Since 2010, the synthesizer company Moog has awarded notable figures in the world of electronic sound design with the annual Moog Innovation Award. This year's winner is Suzanne Ciani, the pioneering synth innovator and composer.
Ciani's accomplishments include groundbreaking work in sound design, quadrophonic analog synthesizer performance, and composition. She has released nearly two dozen studio albums and earned five Grammy nominations, and she was the first woman to score a major Hollywood blockbuster (1981's The Incredible Shrinking Woman). But even those not familiar with these works have almost certainly heard her music and felt her influence: She was the artist Coca-Cola sought out to synthesize the sound of a Coke bottle opening, and her compositions have appeared in many ads, video games, and even pinball machines.
"I'm now kind of like a conduit to the exciting past when these instruments were first conceived and designed," she mused over the phone discussing the award with Noisey. While most people think of synthesizers in the context of keyboards and digital tools, Ciani is an advocate for the earlier analog incarnations, and her work in that space has experienced a revival in recent years, in part due to Moog's embrace of it. "Now we're reconnecting with the analog origins of this exciting—which was, back then, extremely exciting—and we're rediscovering it today, so it's also exciting," she added.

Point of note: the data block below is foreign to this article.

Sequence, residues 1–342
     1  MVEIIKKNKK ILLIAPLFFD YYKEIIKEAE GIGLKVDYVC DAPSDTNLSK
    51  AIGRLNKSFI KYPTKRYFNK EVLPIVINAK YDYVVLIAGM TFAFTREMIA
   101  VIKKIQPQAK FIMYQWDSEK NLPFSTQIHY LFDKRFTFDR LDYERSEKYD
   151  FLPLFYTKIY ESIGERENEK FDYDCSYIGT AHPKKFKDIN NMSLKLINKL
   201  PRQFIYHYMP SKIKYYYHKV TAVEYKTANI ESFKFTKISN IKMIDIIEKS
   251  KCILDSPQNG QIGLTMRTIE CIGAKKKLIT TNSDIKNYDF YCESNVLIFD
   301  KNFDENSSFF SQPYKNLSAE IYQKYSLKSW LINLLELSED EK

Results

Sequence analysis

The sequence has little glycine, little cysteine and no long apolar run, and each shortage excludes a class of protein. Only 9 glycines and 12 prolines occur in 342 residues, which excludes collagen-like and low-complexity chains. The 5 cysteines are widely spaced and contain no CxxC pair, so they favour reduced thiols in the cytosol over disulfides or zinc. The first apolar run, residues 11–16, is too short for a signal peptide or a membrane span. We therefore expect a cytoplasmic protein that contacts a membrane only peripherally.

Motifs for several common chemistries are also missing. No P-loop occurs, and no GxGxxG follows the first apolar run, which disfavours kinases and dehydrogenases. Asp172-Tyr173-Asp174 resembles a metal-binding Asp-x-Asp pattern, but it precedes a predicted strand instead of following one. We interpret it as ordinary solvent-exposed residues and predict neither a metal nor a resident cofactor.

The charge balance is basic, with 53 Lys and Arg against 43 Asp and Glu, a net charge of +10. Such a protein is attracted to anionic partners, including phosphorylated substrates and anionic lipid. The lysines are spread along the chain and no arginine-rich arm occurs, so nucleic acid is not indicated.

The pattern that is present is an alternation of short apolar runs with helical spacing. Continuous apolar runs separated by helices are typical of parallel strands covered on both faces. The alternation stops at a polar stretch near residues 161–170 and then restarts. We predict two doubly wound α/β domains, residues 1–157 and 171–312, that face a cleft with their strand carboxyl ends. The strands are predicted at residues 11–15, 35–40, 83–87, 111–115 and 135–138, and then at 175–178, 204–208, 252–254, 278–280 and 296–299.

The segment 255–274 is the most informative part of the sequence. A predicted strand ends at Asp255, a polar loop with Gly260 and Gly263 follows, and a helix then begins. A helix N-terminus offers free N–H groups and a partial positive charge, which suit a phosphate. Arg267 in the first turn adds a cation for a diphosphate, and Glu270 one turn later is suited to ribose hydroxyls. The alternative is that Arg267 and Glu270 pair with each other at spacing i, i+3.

Ciani was a protegée of and collaborator with analog synth pioneer Don Buchla. Her live work originally centered around playing the Buchla 200. That instrument no longer really exists, but in recent years, thanks to Moog's encouragement, she has begun once again exploring analog synth performance. Her live show now uses the Buchla 200E, played in quadraphonic sound like the original Buchla 200. Her four-hour durational performance at last year's Moogfest was one of the festival highlights. This year she will return as a performer in addition to winning the company's award. She will also be screening a documentary about her work, A Life in Waves, which premiered earlier this year at South by Southwest. Ciani is the first woman to win the Moog Innovation Award. Past recipients include Devo, Brian Eno, Thomas Dolby, Bernie Worrell, and Gary Numan.
"I'm a person who doesn't really believe in legacy," Ciani mused to Noisey. Nonetheless, it's clear that Ciani's importance is becoming more and more widely understood. She went on to add, "My goal isn't to be remembered forever… I think of myself as a composer. I think of my work in electronics as revolving around that."
Find out more about Suzanne Ciani's Moogfest performances here.
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